If you want to be a Cubist, you gotta deal with the big guy. That’s right, PABLO PICASSO. He co-invented the language, and as VP in charge of all things new, ie. product development, he got to make the rules. I can think of very few other Cubists who did much to advance the language of Cubism, particularly the portrait. Many traveled the trails he blazed, but during his lifetime anyway, they mostly stayed on or near those trails.
So I too have begun with Picasso. Starting from a known point and advancing into the unfamiliar is the recipe for abstraction, as it is for all inventions, I suppose.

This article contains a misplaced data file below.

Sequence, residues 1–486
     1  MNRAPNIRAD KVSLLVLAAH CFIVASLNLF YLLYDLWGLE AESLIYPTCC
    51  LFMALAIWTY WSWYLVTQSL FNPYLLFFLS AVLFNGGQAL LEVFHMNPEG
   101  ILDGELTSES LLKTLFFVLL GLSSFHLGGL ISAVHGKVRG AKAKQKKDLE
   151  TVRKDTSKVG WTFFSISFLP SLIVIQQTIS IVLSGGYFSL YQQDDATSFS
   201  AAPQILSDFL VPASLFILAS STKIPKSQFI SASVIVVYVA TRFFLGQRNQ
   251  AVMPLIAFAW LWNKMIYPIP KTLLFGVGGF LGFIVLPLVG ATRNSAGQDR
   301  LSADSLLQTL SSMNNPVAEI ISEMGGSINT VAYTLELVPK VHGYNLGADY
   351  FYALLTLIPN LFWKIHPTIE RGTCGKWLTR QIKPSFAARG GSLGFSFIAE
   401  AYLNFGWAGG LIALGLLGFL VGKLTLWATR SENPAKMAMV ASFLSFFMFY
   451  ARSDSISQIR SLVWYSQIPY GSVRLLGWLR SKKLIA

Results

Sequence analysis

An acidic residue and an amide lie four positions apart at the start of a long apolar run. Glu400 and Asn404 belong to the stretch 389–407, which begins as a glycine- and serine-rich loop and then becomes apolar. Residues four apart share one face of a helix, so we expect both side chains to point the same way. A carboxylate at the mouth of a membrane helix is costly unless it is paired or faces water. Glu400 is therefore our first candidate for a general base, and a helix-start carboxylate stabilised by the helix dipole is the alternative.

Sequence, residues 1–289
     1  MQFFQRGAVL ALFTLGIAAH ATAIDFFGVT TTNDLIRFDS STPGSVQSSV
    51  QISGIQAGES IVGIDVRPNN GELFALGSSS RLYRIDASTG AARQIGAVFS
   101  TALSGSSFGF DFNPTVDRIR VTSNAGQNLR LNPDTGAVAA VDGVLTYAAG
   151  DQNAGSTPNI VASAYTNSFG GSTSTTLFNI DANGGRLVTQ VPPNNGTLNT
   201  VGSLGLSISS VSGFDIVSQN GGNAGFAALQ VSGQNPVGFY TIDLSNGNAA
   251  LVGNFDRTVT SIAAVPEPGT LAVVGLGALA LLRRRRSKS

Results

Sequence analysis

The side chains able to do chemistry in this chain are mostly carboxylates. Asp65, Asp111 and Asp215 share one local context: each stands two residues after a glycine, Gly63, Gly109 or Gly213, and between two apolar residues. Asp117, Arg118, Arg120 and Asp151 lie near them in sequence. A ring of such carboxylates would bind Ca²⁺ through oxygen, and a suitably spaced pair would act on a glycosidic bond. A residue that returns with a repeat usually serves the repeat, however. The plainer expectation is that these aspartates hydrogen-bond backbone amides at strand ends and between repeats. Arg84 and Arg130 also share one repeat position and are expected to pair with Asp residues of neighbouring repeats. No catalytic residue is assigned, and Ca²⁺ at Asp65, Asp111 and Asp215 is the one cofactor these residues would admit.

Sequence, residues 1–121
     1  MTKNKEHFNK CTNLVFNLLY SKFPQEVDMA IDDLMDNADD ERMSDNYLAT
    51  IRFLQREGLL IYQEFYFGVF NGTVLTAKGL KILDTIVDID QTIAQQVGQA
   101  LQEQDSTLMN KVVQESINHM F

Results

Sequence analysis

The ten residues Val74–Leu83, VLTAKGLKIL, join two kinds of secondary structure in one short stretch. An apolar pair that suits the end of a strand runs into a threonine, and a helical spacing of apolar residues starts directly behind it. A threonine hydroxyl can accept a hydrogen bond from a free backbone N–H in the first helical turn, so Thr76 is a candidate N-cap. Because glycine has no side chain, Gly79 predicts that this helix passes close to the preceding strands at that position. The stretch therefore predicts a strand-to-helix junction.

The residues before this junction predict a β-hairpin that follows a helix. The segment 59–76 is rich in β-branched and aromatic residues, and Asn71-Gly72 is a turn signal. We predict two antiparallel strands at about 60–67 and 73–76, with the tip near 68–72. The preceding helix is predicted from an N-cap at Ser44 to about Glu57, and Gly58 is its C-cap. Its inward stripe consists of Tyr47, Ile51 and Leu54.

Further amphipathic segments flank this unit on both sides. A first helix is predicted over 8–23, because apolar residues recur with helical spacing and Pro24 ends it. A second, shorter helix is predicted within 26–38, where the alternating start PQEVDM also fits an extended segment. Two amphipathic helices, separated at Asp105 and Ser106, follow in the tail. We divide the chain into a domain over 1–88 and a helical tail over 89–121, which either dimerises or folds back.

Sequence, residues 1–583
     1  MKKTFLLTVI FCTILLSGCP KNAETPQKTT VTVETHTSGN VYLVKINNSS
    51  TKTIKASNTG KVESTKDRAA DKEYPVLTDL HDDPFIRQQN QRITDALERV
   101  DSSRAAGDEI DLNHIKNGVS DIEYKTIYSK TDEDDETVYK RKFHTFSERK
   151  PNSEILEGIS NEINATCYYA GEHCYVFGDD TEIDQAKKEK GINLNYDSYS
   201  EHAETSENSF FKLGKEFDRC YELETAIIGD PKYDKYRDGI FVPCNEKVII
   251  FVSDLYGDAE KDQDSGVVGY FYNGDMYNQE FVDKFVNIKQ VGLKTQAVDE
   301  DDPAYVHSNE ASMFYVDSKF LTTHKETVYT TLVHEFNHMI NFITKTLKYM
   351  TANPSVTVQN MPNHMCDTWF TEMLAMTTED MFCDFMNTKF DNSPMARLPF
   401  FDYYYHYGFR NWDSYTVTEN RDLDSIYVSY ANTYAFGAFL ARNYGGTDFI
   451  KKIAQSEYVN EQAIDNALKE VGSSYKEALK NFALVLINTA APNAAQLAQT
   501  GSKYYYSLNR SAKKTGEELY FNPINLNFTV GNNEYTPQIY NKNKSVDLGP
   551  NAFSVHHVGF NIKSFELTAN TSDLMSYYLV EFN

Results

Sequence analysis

These 91 Paintings and drawings may begin as emulations of Picasso (since he is the only one of the originals to emulate), but like like a teenager still living at home, I can’t wait to get out of the known world of Cubism and into something that I don’t know.
The language of cubism began pretty narrow, and was dominated by Picasso.
deChirico joined modestly and briefly;
Chagall borrowed from cubism in his youth,
but soon developed his own lexicon, which he never really left;
And Juan Gris just ran out of time…
So, to learn the language in order to advance the vocabulary?
Perhaps, but Cubism strikes me as a language that is a pure strain, incapable of reproducing itself, that lives and evolves only as a hybrid.